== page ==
1. Modernity was a process that contributed to the rise of capitalism and industrialization, which in turn led to radical shifts in the landscape. Urbanization was its watchword. Migration from villages to cities deepened the clash between center and periphery. Migration from poorly developed countries to more advanced ones served to accelerate the forces of change. By the second half of 19th century, millions of Europeans had moved to the industrial cities of northern Europe and the new world. This dynamic urbanization is central to what we mean by “modernity.”
2. Modernity describes both a geographical displacement and an intellectual one. Modernity gave a prominent new role to science, often at the expense of traditional worldviews endorsed by religion. Religious orthodoxies were challenged by a new science-based assault on sacred traditions. Religions were forced into a confrontation with modernity, and either adapted or became more rigid. This hardening of belief systems was met with an equal hardening of the forces opposed to belief as a cultural way of life. The most extreme case of this could be the Soviet Union, which made the “murder of religion” one of its founding tenets.
3. Modernity challenged, and eventually changed, the nature of the relationship between the individual and the state. The philosophical — and practical — separation of church and state, coupled with a new politics inspired by the concept of individual freedom, led to the creation of a new political entity: the “modern rational state,” to quote Weber, as well as a new concept of “citizenship” and the advent of “new Politics,” with increasing participation of masses into politics. Finally, the mass participation into politics.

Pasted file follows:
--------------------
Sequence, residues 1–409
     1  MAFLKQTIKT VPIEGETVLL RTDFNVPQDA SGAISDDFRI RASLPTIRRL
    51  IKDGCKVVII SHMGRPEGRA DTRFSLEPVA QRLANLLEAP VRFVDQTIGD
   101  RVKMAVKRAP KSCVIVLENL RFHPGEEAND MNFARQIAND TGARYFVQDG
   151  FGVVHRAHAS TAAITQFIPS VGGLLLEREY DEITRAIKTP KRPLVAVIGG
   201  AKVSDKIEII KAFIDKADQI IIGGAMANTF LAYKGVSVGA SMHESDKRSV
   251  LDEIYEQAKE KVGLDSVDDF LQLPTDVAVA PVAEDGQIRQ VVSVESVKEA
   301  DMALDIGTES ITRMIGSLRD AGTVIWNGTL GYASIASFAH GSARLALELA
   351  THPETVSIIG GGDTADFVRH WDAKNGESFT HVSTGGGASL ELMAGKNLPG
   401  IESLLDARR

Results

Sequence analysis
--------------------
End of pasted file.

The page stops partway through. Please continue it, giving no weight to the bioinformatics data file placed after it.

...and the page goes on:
One could also approach modernity through the analysis of chronological periods of various lengths. We opted, in this context, to look at a long period, placing the rise of modernity in the early seventeenth century. It is at the outset of this epoch that a cluster of attitudes reshaped the role of traditional thought and the relationship between religion and society, religion and new science, and religion and culture. Whilst being a period of great political and religious turmoil, this era also stands out as a key moment in the development of theories of religious tolerance, the rise and spread of a new science, and the circulation of new literary forms, such as the novel and the opera. All of which would further develop in the following centuries and become trademarks of modernity.5
From an economic and political perspective, the period in question witnesses the establishment of the absolutist monarchy, to the detriment of looser polities, and the emersion of the Atlantic trade, which would slowly supersede the Mediterranean one. Within this context Western Jewry reframed itself, following the path of mercantile routes.